Store water in clean containers with covers.
Wait to return to your property until local officials have declared that the area is safe.
Before you enter, check for safety hazards like loose power lines, gas leaks, and structural damage. Learn what else to check around your home and yard after a disaster.
Natural disasters can cause damage to records and heirloom treasures such as family papers, books, photographs, and other media. Find guidelines for saving family heirlooms and what to do with wet documents. Learn how to get replacement copies of your vital documents after a disaster.
Apply for Individual Assistance
There are several ways to see if you qualify for financial assistance after a disaster:
Find out if you qualify for disaster relief by using the address lookup on DisasterAssistance.gov.
You can access DisasterAssistance.gov through the FEMA Mobile App.
Complete this online questionnaire and disaster assistance application.
To get help in person, find a Disaster Recovery Center near you with the Disaster Recovery Center locator
Apply for a Disaster Recovery Loan
The Small Business Administration provides low-interest loans to help homeowners and small businesses recover from declared disasters. You can find out if you're eligible and apply online.
Tax Relief After a Disaster
Find out if you qualify for disaster relief on your federal taxes.
If you have a complaint about disaster relief assistance, contact the Department of Homeland Security's Inspector General’s Office at 1-800-323-8603.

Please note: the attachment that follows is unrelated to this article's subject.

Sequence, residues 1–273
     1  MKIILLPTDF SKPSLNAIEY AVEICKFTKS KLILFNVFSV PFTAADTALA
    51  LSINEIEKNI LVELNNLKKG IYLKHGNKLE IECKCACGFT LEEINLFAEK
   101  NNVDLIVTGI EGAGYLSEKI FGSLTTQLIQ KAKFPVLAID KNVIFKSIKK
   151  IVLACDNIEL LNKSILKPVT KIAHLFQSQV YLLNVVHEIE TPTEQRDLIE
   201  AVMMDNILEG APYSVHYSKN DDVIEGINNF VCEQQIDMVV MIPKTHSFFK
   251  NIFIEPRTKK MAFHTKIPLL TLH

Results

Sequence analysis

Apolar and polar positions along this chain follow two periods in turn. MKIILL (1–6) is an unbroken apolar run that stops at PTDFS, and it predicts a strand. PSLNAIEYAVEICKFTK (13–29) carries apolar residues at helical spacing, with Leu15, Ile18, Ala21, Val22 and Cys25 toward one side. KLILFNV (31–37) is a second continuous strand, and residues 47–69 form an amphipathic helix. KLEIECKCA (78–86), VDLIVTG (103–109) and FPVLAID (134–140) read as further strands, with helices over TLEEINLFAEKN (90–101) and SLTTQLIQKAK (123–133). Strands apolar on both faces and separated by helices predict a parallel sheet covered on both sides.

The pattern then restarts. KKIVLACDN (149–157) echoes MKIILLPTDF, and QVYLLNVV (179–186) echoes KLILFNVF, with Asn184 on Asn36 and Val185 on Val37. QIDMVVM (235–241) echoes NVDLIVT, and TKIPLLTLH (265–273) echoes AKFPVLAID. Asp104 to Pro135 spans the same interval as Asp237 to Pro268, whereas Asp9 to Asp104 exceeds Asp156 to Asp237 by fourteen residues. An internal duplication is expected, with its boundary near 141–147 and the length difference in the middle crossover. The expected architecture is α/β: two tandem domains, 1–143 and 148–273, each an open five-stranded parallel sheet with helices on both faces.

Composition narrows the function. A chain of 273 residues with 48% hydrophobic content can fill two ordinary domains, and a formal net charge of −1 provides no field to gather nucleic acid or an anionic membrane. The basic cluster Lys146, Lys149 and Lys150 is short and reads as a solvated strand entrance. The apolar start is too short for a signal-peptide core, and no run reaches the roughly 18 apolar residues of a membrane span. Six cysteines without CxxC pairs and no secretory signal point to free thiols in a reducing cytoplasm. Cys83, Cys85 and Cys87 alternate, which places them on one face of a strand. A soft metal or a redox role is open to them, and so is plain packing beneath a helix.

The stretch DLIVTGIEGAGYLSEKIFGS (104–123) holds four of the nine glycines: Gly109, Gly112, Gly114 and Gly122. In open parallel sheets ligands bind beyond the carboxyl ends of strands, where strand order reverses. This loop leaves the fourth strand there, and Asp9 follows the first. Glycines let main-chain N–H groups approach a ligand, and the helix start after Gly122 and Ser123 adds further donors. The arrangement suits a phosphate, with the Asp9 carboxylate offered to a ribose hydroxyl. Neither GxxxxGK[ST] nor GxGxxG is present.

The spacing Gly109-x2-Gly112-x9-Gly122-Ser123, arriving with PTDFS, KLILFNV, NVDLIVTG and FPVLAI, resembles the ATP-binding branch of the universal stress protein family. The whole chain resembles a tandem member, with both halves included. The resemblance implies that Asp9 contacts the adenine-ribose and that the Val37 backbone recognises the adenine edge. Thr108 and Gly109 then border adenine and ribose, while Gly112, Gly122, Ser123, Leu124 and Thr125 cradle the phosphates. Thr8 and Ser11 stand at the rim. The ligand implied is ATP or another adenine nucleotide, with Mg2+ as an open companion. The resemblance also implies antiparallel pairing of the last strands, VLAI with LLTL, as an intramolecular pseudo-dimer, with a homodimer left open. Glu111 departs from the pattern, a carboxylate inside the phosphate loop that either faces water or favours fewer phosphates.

After major storms, rumors circulate and scammers may try to take advantage of you. Make sure you know what's real and what's fake. Check FEMA's Hurricane Florence rumor control information for trusted storm and recovery updates.
Many agencies across the federal government are providing tools and information for those in the path of Hurricane Florence. You can browse this list to help find programs or information that you might need.
- Call the Disaster Distress Helpline 24/7 for free counseling if you're emotionally distressed at 1-800-985-5990 (TTY 1-800-846-8517) or text "TalkWithUs" to 66746
- Report disaster fraud 1-866-720-5721 or email firstname.lastname@example.org
- Federal tax help is available for Florence survivors
- Food safety tips after a disaster
- Drone usage restrictions - keep your drones grounded so they don't interfere with responders
- Hurricane Florence forecasts and path maps from the National Hurricane Center
- Immigration enforcement suspended during Florence evacuations and sheltering
- Avoid scams and fraud after a weather disaster
- Donate wisely and avoid charity scams
- Hurricane data and coastal change hazards from the U.S. Geological Survey
- Hurricane Florence communications notices and status reports from the Federal Communications Commission
- Energy disruption maps from the U.S. Energy Information Administration
- USDA disaster assistance programs
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Last Updated: September 15, 2018